Trends in Prescription Drug Use among Adults in the United States

Drug overdose epidemic top cause of US injury deaths

image ofprescription-drugs
Drug overdoses have reached epidemic levels in the United States where they are the leading cause of injury deaths, surpassing car accidents and gunshots. More people abuse prescription medication than cocaine, methamphetamine, heroin, MDMA and PCP combined and prescription drug deaths have outpaced those of cocaine and heroin combined since 2002. ep_jhu.

2015 Study Abstract

Objective
To evaluate trends in prescription drug use among adults living in the United States.

Design, Setting, and Participants
Temporal trends in prescription drug use were evaluated using nationally representative data from the National Health and Nutrition Examination Survey (NHANES). Participants included 37 959 noninstitutionalized US adults, aged 20 years and older. Seven NHANES cycles were included (1999-2000 to 2011-2012), and the sample size per cycle ranged from 4861 to 6212.

Exposures
Calendar year, as represented by continuous NHANES cycle.

Main Outcomes and Measures
Within each NHANES cycle, use of prescription drugs in the prior 30 days was assessed overall and by drug class. Temporal trends across cycles were evaluated. Analyses were weighted to represent the US adult population.

Results
Results indicate an increase in overall use of prescription drugs among US adults between 1999-2000 and 2011-2012 with an estimated 51% of US adults reporting use of any prescription drugs in 1999-2000 and an estimated 59% reporting use of any prescription drugs in 2011-2012 (difference, 8% [95% CI, 3.8%-12%]; P for trend <.001). The prevalence of polypharmacy (use of ≥5 prescription drugs) increased from an estimated 8.2% in 1999-2000 to 15% in 2011-2012 (difference, 6.6% [95% CI, 4.4%-8.2%]; P for trend <.001). These trends remained statistically significant with age adjustment. Among the 18 drug classes used by more than 2.5% of the population at any point over the study period, the prevalence of use increased in 11 drug classes including antihyperlipidemic agents, antidepressants, prescription proton-pump inhibitors, and muscle relaxants.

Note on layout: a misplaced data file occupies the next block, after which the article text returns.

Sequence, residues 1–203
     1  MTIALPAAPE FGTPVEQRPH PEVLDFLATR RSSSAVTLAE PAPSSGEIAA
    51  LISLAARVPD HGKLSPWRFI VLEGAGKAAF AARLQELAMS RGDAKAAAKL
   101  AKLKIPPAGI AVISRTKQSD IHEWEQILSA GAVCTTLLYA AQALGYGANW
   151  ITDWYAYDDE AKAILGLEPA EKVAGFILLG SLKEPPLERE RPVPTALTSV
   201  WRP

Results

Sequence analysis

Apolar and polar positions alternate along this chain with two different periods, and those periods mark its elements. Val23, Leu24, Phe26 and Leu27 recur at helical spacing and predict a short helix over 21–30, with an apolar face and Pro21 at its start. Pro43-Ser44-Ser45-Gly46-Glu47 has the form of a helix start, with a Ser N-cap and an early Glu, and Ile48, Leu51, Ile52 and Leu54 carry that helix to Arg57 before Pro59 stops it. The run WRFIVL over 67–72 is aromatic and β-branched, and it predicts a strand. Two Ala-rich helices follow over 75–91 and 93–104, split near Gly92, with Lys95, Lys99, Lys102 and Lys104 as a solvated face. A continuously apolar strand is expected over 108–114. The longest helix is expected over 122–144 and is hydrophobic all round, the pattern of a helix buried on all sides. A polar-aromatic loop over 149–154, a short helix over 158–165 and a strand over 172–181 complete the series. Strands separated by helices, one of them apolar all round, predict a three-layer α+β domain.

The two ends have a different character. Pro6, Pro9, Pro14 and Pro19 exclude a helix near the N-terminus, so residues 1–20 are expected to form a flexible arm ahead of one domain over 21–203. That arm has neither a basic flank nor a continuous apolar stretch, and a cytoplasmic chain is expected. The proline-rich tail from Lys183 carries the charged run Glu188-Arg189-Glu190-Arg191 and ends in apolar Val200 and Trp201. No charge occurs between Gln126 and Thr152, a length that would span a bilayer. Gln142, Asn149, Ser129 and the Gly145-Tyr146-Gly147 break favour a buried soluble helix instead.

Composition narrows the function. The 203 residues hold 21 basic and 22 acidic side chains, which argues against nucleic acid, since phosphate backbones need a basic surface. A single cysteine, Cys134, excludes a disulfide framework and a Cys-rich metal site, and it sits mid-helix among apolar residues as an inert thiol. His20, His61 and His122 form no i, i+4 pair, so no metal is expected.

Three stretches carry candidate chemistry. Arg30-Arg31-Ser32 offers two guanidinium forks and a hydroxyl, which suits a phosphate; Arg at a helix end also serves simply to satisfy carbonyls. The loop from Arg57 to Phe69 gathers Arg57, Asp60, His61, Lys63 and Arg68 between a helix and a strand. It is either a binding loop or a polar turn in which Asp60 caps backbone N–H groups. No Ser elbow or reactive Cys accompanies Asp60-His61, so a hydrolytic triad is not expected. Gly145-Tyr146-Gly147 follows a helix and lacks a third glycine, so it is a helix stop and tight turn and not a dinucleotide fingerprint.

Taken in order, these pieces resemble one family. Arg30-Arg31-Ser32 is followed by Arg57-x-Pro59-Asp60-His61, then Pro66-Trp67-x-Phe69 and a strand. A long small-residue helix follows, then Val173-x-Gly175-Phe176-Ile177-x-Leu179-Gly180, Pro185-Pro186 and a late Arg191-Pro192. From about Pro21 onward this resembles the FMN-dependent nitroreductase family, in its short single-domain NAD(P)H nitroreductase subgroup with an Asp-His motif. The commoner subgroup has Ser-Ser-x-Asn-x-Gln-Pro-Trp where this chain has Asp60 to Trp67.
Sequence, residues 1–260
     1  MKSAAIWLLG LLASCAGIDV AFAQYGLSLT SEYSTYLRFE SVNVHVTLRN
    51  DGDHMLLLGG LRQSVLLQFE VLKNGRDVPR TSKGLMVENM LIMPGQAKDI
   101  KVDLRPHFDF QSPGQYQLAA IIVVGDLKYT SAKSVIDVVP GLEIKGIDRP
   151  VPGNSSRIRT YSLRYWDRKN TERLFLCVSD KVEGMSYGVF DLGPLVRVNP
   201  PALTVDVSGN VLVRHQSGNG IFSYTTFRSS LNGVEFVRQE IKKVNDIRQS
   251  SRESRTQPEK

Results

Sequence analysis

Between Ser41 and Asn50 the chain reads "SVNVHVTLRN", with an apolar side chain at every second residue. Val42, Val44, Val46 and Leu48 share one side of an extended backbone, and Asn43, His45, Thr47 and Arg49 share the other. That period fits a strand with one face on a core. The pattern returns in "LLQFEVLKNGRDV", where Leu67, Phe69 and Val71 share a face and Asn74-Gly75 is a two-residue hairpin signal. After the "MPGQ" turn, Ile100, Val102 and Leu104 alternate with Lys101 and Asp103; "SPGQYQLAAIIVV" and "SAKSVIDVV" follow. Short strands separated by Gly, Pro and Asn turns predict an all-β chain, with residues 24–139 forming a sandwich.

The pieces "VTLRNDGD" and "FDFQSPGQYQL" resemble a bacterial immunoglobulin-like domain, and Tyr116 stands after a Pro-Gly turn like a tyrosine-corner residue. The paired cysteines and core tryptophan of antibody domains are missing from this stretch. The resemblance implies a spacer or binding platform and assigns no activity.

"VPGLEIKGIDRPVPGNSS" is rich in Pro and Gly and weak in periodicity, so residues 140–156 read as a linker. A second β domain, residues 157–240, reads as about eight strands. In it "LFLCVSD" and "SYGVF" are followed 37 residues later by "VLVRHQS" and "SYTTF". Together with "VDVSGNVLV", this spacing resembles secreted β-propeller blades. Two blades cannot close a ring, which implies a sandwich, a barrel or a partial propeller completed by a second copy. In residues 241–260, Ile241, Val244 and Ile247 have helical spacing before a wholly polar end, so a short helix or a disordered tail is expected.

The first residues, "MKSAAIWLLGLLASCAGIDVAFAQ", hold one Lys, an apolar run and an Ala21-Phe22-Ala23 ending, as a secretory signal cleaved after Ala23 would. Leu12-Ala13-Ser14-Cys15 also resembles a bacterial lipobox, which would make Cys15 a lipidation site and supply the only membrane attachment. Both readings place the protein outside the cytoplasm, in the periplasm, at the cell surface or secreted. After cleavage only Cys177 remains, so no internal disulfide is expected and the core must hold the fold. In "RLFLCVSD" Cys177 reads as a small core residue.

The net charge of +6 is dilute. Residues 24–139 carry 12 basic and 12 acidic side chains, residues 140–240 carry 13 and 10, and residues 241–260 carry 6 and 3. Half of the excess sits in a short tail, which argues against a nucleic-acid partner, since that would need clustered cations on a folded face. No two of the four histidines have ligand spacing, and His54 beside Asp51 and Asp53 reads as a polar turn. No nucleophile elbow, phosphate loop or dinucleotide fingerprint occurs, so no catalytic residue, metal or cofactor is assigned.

Conclusions and Relevance
In this nationally representative survey, significant increases in overall prescription drug use and polypharmacy were observed. These increases persisted after accounting for changes in the age distribution of the population. The prevalence of prescription drug use increased in the majority of, but not all, drug classes.

Sources and more information
  • Hooked on Pharmaceuticals: Prescription Drug Abuse in America,
    drugwatch, July 29th, 2015.
  • Trends in Prescription Drug Use Among Adults in the United States From 1999-2012, JAMA. 2015;314(17):1818-1830. doi:10.1001/jama.2015.13766, November 3, 2015.
  • Rx for America: Nearly 6 in 10 adults take prescription drugs, study says,
    latimes, November 3, 2015.
  • 46,471: Drug Overdoses Killed More Americans Than Car Crashes or Guns,
    cnsnews, November 5, 2015.
  • Big Pharma pills and heroin responsible for more than half of drug overdoses,
    medicine.news, November 6th, 2015.
  • DEA Announces “360 Strategy” to Address Heroin, Prescription Drugs and Violent Crime, dea, November 10, 2015.

Author: DES Daughter

Activist, blogger and social media addict committed to shedding light on a global health scandal and dedicated to raise DES awareness.

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